[I had the red tin version of this tea, not the yellow tin]
[Eat before drinking this tea it weighs you down a little bit]
I am fairly new to tea, and for a few weeks I have been learning about tea. So, I am really eager to start, but shipping from china is kind of lengthy. So, I found this tin in my mother’s cabinet. I don’t know the age or anything about this tea, But I just wanted to practice some gong fu style brewing, and further my knowledge about the different flavors I am to expect from tea (I will explain more later).
I rinsed the tea for 10 seconds (because it was quite old) and then brewed with a 25ish second infusion for the first infusion. To be honest I didn’t expect much out of the tea, but I at least wanted some flavor. I got very little flavor at all, just a flash of bitter at the tip of my tounge, and then just flat until I swallowed it. It left my mouth quite dry and it made my throat want to close up. The second infusion was the same too, just greatly fainter (I added +10 seconds for each infusion). But the third infusion it was like this faint sweetness for a second, and then choppy flatness that made my throat really dry down my thoat. That was the only flavor I got out of it, a very faint almost one pinch of sugar dissolved into a little cup of water sweetness and then nothing.
But, with this tea I do now understand what an aftertaste is like. The sweetness that I mentioned earlier stuck to my mouth, and I don’t notice it until I drink water. When I drink water the water becomes smoother than normal and much sweeter than normal.
This tea makes me fearful of white teas, because if white tea is going to be as flavorless and bland as this, than I may aswell not bother.
I started into tea (or should I say researching tea) because I was browsing teavana and I stumbled upon their white tea section (I have since abandoned teavana teas and gone with Yunnan sourcing) but, when I saw this section it just awoke an interest in me. I just saw the picture of the brewed teas and read the description of how it is smooth and gives a honey like taste, I was instantly sold. So, then I went onto youtube to try and learn more, and found Don from Mei leaf. This is where I learned about Gong fu brewing, and the benefits of switching over from western style. His descriptions of the tea were amazing and I just had to learn more! He then introduced me to puer, and oolong teas, (something I never knew existed), and how they have differences in flavor and how they can calm the whole body. It just seemed like heaven in a glass. But, I have been brewing western style my whole life and drinking from tea bags, so it confused me how a tea could have all of these characteristics without adding any sugar! So, then when I saw the jasmine tea in the cabinet, I thought that I might try some, to see for myself how the teas don’t need any sugar at all to give all of these characteristics. But, this tea broke my heart, it had nothing and was very astringent, with only subtle sweetness, but mostly water. I really hope that tea is much more than this!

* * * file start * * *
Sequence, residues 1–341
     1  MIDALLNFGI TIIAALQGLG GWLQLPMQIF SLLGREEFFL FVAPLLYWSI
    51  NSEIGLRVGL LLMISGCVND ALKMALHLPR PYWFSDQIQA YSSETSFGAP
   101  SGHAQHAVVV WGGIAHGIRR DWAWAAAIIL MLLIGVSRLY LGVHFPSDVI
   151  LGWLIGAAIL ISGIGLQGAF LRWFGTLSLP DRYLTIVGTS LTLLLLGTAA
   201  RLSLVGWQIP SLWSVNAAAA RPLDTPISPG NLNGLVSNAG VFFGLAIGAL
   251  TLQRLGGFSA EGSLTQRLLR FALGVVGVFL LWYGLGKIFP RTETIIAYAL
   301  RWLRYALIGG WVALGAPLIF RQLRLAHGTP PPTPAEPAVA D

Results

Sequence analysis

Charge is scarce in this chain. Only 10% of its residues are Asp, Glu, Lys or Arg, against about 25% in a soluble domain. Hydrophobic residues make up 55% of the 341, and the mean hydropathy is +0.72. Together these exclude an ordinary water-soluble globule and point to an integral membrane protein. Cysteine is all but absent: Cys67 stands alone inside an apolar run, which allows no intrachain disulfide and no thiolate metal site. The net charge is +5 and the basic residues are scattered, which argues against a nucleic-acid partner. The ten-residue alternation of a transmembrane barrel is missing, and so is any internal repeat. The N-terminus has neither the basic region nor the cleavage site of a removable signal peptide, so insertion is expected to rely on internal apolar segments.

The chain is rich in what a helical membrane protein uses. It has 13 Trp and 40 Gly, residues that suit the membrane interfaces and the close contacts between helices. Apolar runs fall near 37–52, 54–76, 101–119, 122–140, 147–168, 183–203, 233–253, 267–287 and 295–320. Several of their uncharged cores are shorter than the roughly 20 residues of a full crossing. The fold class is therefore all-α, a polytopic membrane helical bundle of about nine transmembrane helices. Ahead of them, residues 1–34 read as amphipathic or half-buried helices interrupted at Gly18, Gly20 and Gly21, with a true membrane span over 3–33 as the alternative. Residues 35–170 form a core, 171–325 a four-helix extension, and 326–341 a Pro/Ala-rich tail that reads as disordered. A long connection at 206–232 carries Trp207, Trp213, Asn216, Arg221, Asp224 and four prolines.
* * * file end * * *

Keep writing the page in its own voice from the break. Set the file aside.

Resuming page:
But if I am going to be honest, it wasn’t bad either, I probably just don’t like jasmine tea, but I was just disappointed at a lack of flavor.
However, this tea smells amazing with a fruit like, sweetish bitter smell. I wish it tasted as good as it smelled.
So, since I have a whole tin of this tea and I was kind of bored at home I decided to try and put some sugar into the gong dao bei when I poured the soup in. It made a world of difference! I could taste the nice jasmine flavors, and a very sweet fruit aftertaste followed it. It was very enjoyable! It also took all of the astringency with it, and the tea was very smooth and sweet. But, it still had a mouth drying effect.
The aftertaste is wonderful too! Every sip of water I drink turns sweet and tastes like how the tea smelled. It was very nice, but still kind of basic.
Flavors: Bitter, Fruity, Grass